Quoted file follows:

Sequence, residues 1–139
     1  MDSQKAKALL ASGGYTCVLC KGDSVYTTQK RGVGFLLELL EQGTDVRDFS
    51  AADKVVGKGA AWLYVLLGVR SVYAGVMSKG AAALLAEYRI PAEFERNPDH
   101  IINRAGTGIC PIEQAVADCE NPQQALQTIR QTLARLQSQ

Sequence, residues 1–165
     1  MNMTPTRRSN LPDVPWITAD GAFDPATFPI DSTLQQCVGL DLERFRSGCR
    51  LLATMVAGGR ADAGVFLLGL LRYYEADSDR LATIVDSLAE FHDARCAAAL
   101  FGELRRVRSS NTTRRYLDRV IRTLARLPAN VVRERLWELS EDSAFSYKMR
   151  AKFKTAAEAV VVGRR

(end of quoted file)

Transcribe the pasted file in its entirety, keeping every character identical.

Sequence, residues 1–139
     1  MDSQKAKALL ASGGYTCVLC KGDSVYTTQK RGVGFLLELL EQGTDVRDFS
    51  AADKVVGKGA AWLYVLLGVR SVYAGVMSKG AAALLAEYRI PAEFERNPDH
   101  IINRAGTGIC PIEQAVADCE NPQQALQTIR QTLARLQSQ

Sequence, residues 1–165
     1  MNMTPTRRSN LPDVPWITAD GAFDPATFPI DSTLQQCVGL DLERFRSGCR
    51  LLATMVAGGR ADAGVFLLGL LRYYEADSDR LATIVDSLAE FHDARCAAAL
   101  FGELRRVRSS NTTRRYLDRV IRTLARLPAN VVRERLWELS EDSAFSYKMR
   151  AKFKTAAEAV VVGRR